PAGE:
Joe Paterno's name off Big Ten trophy
In light of the child sex-abuse scandal at Penn State, Joe Paterno's name has been removed from the new Big Ten championship trophy, the conference announced Monday.
A public opinion survey shows that 51 percent of Americans think Joe Paterno should have been fired, compared to 21 percent who thought he should have kept his job.
However, Pennsylvanians feel the opposite. The survey -- conducted by Global Strategy Group in conjunction with ESPN Research -- showed that 45 percent of Pennsylvania residents think firing Paterno was the wrong decision, compared to 35 percent who said it was the right one.
The poll included 804 Americans from Nov. 11-13 and conducted using an online methodology recruiting from a representative panel of Americans. Special care was taken to ensure that the geographic and demographic divisions of the actual population were properly represented. An oversample of 145 interviews with Pennsylvania residents was used to gather reactions there.
Nationally, the poll showed that Paterno's favorability rating was 25 percent "favorable" and 49 percent "unfavorable" during the survey. Prior to that, 51 percent of fans saw Paterno as "favorable" and only nine percent didn't.
However, avid college football fans had a 51 percent favorable impression of Paterno, with a 41 percent unfavorable impression. Just 22 percent of Americans felt Paterno should have coached until the end of the season; in Pennsylvania, however, that number jumped to 41 percent.
Most fans felt Penn State handled the situation appropriately, but 60 percent disapproved of how students reacted by protesting (only 16 percent approved).
The Big Ten said that the crisis at Penn State, which led to Paterno's firing as coach Wednesday night, prompted the decision to remove his name from the Stagg-Paterno Championship Trophy. The trophy will be awarded Dec. 3 at the inaugural Big Ten football championship game at Indianapolis.
The trophy will now be called the Stagg Championship Trophy.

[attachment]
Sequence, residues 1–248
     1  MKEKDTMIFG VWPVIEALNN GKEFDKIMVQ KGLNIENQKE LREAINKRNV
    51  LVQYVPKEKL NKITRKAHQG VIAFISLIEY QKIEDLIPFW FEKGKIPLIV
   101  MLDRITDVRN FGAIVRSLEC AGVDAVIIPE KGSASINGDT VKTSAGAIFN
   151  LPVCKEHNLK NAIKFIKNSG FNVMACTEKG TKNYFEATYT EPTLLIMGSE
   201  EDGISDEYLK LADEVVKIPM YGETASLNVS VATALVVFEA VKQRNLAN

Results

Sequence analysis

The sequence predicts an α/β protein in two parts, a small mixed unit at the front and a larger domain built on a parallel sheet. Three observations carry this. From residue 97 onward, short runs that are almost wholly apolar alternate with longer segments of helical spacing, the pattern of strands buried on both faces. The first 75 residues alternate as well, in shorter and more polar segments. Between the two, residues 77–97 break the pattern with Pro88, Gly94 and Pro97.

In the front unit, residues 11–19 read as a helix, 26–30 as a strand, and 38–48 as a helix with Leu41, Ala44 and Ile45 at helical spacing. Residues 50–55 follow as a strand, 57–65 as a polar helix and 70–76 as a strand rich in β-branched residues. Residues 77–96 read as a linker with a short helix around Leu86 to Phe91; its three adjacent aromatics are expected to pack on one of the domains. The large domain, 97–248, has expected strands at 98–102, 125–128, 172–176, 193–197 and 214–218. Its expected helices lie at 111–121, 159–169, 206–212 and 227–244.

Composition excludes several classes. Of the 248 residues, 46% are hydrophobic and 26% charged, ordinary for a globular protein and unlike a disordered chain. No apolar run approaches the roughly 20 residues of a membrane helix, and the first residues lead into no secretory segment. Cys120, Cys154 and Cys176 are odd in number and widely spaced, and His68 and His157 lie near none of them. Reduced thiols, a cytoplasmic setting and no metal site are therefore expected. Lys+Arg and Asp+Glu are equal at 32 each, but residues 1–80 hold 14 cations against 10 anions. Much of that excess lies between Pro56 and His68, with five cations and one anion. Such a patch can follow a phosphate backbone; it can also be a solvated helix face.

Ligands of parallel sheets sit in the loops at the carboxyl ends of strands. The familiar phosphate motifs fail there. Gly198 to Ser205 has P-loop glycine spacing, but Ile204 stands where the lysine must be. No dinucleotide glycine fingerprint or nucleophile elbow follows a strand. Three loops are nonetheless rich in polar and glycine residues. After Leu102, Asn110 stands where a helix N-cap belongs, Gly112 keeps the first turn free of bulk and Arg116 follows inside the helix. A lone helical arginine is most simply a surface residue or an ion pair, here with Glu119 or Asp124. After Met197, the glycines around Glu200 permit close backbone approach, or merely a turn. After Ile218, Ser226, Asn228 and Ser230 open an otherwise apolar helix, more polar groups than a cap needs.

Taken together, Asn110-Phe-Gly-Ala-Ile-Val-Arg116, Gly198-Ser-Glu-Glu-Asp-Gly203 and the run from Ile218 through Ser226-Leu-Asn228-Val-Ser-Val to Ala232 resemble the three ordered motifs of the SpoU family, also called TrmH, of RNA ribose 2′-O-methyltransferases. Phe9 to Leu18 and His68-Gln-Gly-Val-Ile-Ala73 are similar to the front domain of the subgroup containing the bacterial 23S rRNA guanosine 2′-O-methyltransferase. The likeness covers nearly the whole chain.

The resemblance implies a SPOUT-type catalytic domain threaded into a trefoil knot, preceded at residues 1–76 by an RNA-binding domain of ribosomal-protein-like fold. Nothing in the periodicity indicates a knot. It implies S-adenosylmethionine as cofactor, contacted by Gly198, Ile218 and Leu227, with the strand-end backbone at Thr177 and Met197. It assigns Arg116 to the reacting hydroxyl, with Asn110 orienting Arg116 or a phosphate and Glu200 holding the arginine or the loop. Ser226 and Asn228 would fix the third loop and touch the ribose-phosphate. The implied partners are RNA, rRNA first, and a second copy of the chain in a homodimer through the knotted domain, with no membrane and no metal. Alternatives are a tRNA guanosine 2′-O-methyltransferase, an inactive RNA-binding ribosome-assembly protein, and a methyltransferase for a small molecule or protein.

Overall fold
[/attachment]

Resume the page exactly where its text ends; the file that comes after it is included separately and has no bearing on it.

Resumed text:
"We believe that it would be inappropriate to keep Joe Paterno's name on the trophy at this time," Big Ten commissioner Jim Delany said in a statment. "The trophy and its namesake are intended to be celebratory and aspirational, not controversial. We believe that it's important to keep the focus on the players and the teams that will be competing in the inaugural championship game."
Amos Alonzo Stagg won 319 games in 57 years, most at the University of Chicago. Paterno's 409 wins are the most by a major college coach.
Penn State (8-2, 5-1 Big Ten ) and Michigan State (8-2, 5-1) lead their respective divisions and will advance to the title game in Indianapolis if they win the rest of their games.
The Big Ten pointed to the recent grand jury indictments against retired Penn State assistant coach Jerry Sandusky and two other officials, a U.S. Department of Education investigation into Penn State's response to the allegations of sexual abuse involving Sandusky, and Paterno's dismissal by the school's board of trustees as reasons to remove Paterno's name from the trophy.
Robert Stagg of Grand Rapids, Mich., a great grandson of Amos Alonzo Stagg, said last week his family was honored to have the Stagg name on the trophy whatever happened with Paterno's name.
Penn State said it would not comment.
Paterno was fired Wednesday after he initially said he planned to retire at the end of his 46th season, but the outcry following the arrest of Sandusky on 40 criminal counts of molestation proved too much for the board of trustees to ignore.
Defensive coordinator Tom Bradley was selected as interim coach, and No. 21 Penn State lost Saturday in its first game of the post-Paterno era. The Nittany Lions, who have a one-game lead on Wisconsin (No. 17 BCS, No. 15 AP) in the Leaders Division of the Big Ten, finish the season with road games against Ohio State and the Badgers.
Tickets to the championship game already have been printed and they include an image of the trophy and the name Stagg-Paterno. Big Ten spokesman Scott Chipman said many of the tickets have been shipped and the conference will not reprint the remaining tickets.
Adam Rittenberg covers Big Ten football for ESPN.com. He can be reached at firstname.lastname@example.org. Information from The Associated Press was included in this report.